Wednesday, August 27, 2008

July 08 Durable Goods

--It provides solid clues that consumers, especially corporations, are more willing to invest. It is a good sign, indicating that economy will bottom out soon. Analysts claimed the surprising increase was fueled by weak dollars.
--New orders increased 1.3%, reflecting more demand for druable goods. The figure in June 08 was revised upward 1.3%. --Capital Goods, especially non-defense cap good, an important item reflecting corporations' invesment spending, increased 1.6%. Small corporations (Capital goods non-defense and ex aircraft) increased 0.6%, growing months in a row.
--The chart on the left shows the shipped non-defense ex aircraft capital goods on the quarterly basis. A sharp drop occured during each recession. Surprisingly, there has been no major decline since mid of 2005.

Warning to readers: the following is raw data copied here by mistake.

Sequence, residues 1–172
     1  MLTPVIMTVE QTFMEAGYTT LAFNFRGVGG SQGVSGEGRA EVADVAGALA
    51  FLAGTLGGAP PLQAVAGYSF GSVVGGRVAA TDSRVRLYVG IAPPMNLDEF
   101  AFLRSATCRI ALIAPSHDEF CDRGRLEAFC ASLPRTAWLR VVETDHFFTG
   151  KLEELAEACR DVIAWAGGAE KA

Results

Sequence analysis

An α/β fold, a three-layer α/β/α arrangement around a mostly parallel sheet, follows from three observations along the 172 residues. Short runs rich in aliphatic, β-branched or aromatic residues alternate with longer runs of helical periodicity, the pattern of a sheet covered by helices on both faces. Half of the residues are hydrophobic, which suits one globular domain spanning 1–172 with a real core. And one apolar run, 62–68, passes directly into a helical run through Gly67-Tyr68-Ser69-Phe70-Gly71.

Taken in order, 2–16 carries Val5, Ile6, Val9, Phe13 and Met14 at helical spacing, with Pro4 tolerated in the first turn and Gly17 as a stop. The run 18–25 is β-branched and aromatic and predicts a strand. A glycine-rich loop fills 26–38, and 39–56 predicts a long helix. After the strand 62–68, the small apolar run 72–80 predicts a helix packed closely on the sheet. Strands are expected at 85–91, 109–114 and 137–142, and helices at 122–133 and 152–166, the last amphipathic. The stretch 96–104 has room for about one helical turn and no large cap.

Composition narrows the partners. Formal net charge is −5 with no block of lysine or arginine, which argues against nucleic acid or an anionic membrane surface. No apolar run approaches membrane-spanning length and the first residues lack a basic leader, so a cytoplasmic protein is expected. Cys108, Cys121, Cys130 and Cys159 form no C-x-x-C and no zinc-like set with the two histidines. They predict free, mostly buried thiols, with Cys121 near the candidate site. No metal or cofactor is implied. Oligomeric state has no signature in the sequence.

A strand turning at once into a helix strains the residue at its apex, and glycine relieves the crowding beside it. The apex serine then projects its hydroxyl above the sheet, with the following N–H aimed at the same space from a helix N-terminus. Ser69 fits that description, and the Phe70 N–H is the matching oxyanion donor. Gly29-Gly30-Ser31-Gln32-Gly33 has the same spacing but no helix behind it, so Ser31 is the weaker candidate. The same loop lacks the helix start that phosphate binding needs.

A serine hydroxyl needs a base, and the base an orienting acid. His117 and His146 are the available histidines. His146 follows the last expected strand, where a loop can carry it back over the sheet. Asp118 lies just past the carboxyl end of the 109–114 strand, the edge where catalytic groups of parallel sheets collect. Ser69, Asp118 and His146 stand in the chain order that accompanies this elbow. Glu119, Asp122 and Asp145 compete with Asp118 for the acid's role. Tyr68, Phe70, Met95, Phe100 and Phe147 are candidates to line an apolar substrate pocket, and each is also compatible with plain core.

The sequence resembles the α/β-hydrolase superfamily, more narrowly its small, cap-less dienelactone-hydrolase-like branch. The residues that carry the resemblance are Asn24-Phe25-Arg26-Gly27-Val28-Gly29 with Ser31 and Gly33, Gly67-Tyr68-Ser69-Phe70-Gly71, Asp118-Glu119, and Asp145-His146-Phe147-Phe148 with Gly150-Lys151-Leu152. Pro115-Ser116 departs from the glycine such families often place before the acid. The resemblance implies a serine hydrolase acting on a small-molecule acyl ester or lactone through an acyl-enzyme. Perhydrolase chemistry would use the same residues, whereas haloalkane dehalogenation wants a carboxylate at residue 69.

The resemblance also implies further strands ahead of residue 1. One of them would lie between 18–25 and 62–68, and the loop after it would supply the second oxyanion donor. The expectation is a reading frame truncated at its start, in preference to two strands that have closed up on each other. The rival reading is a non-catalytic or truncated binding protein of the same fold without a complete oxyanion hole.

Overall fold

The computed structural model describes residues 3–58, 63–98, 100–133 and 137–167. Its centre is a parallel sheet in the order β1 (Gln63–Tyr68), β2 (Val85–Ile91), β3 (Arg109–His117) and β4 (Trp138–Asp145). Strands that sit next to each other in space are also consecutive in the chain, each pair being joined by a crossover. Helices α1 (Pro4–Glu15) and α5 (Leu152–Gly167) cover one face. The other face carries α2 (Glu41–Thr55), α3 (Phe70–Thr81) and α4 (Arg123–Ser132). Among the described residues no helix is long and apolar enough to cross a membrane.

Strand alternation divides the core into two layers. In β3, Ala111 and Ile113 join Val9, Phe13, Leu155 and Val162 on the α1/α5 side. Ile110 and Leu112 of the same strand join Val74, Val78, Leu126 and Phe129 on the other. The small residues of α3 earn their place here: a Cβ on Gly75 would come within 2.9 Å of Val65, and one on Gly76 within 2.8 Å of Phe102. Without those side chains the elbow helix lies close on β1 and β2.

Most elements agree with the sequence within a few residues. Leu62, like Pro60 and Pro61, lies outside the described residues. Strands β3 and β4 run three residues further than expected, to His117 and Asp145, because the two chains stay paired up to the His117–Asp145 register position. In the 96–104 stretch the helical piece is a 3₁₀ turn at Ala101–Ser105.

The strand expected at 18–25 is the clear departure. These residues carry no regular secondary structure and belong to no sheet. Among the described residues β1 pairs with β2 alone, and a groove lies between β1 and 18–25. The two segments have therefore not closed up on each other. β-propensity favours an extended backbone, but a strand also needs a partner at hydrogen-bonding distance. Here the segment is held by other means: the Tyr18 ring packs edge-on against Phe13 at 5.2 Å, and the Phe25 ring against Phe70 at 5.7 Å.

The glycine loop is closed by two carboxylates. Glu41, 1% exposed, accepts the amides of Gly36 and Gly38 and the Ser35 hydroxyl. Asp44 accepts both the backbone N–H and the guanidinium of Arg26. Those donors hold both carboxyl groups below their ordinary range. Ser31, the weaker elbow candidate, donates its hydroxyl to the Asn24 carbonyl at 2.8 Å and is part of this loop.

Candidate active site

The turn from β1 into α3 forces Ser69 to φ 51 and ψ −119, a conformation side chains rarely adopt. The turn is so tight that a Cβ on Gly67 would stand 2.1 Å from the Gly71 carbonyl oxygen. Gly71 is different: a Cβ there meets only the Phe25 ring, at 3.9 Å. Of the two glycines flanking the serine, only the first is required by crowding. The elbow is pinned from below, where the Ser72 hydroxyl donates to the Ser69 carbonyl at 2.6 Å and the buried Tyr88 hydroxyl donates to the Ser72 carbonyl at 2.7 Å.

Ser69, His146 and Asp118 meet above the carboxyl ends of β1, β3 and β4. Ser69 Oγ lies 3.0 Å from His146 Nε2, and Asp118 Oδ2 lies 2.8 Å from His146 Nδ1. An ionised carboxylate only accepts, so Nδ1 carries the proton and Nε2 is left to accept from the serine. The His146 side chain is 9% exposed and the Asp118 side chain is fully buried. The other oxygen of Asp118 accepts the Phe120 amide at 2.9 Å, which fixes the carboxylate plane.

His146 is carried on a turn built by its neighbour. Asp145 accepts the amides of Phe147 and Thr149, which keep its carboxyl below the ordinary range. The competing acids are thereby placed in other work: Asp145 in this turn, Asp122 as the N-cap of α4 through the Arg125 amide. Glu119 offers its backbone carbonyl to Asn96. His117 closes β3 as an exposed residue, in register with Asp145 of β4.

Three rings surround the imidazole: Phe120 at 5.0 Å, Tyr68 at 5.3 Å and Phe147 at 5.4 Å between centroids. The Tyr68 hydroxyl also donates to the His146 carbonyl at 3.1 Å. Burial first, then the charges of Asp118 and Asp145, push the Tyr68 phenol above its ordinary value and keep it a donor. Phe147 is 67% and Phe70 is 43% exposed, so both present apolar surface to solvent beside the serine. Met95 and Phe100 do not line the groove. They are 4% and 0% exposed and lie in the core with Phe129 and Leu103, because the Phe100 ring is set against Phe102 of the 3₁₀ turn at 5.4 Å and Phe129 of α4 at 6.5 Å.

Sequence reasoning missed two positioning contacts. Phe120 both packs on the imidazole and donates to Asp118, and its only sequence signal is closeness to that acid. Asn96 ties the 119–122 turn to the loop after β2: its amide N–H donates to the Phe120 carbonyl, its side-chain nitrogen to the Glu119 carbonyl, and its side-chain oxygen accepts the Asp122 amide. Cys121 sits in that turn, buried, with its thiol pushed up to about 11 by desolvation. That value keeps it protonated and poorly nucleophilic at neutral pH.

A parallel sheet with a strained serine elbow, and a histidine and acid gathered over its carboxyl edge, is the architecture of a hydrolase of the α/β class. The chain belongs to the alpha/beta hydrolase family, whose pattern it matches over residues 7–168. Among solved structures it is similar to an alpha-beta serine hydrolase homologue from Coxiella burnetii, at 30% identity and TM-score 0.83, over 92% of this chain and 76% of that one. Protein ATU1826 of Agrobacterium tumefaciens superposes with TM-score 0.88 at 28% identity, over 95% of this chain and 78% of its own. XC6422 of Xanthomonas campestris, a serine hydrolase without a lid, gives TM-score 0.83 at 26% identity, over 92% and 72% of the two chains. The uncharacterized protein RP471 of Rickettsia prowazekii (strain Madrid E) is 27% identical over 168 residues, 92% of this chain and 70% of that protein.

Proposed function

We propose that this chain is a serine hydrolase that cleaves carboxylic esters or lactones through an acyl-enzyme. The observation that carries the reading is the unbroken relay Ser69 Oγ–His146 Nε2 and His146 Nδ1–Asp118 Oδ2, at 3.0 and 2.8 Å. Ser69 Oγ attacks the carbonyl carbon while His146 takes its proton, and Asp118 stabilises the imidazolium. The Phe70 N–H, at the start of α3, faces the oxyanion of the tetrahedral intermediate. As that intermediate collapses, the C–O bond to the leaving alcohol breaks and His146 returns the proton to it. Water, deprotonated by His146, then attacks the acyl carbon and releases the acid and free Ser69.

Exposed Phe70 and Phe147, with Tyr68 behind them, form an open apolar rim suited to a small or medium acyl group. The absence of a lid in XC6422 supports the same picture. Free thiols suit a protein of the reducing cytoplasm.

--It is hard to argue that weak dollar is keeping up the capital goods spending. Looking at the GDP export, the QoQ average growth rate was 8% before Q3 06 and averagely increased to 9% until Q2 08.
--If the history offers a lesson, it tells us that the economy probably has not entered a recesion yet, and might not this year. That might partially explaines no official annoucement of recession yet.
--The chart on the right shows the new orders of non-defense ex aircraft capital goods on the quarterly basis. It further indicates that economy has not entered a recession yet.

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